RIPL is achieved using a combination of hardware and software. The requesting device, called the requester or workstation, starts up by asking the loading device to send it a bootstrap program. The loading device is another computer that has a hard disk and is called the RIPL server or file server. The RIPL server uses a loader program to send the bootstrap program to the workstation. Once the workstation receives the bootstrap program, it is then equipped to request an operating system, which in turn can request and use application programs. The software implementations differ between vendors, but theoretically, they all perform similar functions and go through a similar process. The client workstation requires a special Read Only Memory (ROM) installed on its (Local Area Network) LAN adapter or Network Interface Card (NIC). The special ROM is known generally as a remote boot ROM, but two specific examples of remote boot chips are the RIPL chip, which supports ANSI/IEEE standard 802.2, and the Preboot Execution Environment (PXE) chip, which is used in the Transmission Control Protocol/Internet Protocol (TCP/IP) environment.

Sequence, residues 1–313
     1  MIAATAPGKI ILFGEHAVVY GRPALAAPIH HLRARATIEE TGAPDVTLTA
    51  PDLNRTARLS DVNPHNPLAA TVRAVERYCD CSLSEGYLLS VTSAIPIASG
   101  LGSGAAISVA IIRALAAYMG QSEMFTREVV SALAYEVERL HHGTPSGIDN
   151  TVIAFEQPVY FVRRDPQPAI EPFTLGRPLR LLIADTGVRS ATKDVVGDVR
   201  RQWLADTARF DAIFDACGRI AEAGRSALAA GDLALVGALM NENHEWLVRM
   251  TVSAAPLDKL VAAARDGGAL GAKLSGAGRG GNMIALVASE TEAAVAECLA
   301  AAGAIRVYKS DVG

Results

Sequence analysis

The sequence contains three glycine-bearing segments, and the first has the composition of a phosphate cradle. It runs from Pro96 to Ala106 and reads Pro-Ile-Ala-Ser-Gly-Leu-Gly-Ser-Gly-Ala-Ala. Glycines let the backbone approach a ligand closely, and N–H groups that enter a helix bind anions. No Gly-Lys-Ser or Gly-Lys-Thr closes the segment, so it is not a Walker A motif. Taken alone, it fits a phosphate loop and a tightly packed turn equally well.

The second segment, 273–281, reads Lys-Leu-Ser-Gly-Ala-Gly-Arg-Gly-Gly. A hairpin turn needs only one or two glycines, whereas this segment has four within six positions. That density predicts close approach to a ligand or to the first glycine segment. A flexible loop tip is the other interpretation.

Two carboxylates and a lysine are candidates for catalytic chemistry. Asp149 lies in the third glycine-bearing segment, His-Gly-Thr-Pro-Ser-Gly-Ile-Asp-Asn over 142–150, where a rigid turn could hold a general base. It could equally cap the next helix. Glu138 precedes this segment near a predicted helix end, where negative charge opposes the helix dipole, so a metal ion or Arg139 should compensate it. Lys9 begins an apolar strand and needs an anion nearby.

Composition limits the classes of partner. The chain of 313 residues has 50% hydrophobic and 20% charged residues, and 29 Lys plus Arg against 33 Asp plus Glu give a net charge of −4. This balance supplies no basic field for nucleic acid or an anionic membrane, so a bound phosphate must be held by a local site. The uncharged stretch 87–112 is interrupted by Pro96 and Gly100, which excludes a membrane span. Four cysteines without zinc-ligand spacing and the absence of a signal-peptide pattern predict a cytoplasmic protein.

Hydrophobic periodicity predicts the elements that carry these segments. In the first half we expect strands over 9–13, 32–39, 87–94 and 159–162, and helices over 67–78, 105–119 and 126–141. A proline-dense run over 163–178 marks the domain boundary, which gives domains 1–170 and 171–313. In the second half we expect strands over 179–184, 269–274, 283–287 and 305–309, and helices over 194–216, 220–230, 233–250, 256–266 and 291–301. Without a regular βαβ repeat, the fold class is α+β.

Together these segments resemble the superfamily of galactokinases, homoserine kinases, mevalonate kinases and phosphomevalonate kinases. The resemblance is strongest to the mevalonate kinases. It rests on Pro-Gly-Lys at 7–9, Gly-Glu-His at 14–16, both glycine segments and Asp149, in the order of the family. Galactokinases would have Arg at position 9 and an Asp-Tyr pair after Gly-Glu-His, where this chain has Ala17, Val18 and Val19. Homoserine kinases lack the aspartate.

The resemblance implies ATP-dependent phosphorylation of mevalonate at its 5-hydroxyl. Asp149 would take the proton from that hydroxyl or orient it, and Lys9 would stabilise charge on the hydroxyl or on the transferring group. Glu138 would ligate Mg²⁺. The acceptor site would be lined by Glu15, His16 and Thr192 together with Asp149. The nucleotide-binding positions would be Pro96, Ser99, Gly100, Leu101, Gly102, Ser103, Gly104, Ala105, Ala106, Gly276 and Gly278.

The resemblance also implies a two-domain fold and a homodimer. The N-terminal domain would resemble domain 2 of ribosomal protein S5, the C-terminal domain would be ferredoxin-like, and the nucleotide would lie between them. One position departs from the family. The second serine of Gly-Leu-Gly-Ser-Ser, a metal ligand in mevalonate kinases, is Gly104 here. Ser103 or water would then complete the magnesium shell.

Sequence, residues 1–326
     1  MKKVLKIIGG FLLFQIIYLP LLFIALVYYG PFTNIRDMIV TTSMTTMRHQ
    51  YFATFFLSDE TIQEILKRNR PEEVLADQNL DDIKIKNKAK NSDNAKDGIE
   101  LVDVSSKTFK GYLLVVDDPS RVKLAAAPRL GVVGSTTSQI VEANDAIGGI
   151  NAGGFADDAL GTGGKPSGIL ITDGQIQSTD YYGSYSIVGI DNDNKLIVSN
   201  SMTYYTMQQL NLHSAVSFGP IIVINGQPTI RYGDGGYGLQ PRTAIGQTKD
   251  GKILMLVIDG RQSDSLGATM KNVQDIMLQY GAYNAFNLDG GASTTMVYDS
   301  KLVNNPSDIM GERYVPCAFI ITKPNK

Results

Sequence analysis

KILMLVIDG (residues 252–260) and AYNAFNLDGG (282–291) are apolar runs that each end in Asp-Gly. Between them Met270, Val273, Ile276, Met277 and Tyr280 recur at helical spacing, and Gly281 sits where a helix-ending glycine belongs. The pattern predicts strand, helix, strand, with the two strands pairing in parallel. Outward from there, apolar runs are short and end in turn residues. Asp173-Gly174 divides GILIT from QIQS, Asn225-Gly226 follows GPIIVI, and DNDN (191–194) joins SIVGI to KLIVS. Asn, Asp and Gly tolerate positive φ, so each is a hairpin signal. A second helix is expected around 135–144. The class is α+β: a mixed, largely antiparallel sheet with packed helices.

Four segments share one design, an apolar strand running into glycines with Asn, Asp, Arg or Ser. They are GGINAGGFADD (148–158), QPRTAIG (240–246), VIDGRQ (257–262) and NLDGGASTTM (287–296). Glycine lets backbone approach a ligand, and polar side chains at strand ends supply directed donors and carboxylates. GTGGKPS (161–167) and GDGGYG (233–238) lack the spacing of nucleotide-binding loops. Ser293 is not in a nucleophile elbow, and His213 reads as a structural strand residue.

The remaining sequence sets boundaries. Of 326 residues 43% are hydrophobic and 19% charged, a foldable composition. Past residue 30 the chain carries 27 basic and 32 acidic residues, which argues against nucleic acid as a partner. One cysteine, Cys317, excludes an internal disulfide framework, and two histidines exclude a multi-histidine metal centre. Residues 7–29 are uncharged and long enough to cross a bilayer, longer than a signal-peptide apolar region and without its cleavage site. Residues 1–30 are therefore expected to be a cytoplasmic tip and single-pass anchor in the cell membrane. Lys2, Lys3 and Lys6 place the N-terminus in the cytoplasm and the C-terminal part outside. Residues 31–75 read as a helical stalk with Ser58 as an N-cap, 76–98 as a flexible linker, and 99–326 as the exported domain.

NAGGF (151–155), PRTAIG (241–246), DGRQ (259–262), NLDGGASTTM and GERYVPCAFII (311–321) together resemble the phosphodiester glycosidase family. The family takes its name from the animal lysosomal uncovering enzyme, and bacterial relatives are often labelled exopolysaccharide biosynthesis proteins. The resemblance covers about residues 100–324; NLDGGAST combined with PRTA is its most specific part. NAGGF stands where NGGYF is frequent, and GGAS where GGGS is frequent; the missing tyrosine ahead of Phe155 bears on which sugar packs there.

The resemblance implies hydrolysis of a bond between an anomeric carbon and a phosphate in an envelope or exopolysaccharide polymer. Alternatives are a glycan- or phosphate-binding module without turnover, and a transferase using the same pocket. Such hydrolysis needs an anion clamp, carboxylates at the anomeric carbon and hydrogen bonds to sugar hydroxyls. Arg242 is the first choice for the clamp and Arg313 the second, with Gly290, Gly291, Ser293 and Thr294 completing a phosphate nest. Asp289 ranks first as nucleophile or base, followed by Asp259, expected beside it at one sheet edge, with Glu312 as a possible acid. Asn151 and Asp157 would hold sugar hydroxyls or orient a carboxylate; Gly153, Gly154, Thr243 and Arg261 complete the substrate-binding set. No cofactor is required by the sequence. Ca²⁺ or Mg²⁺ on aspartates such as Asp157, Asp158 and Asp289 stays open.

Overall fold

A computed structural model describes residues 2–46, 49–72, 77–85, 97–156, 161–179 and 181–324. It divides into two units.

While the process has many advantages for booting a computer that has volatile storage, such as a network computer, the computer is required to have a remote boot ROM on the LAN adapter or Network Interface Card (NIC). The remote boot ROM requirement does not allow any user interaction with the remote boot process. U.S. Pat. No. 6,463,530 discloses a remote boot process that does not require a remote boot ROM on the LAN adapter or NIC.
Existing boot manager configurations allow different partitions to be booted based on the user's choice from a menu at machine start time. The selection criteria for the menu is hard coded on the local machine hard drive. Therefore, changes to the boot manager configuration must be done locally at the machine and normally require a reboot post configuration, a very tedious process in a large enterprise environment involving thousands of machines.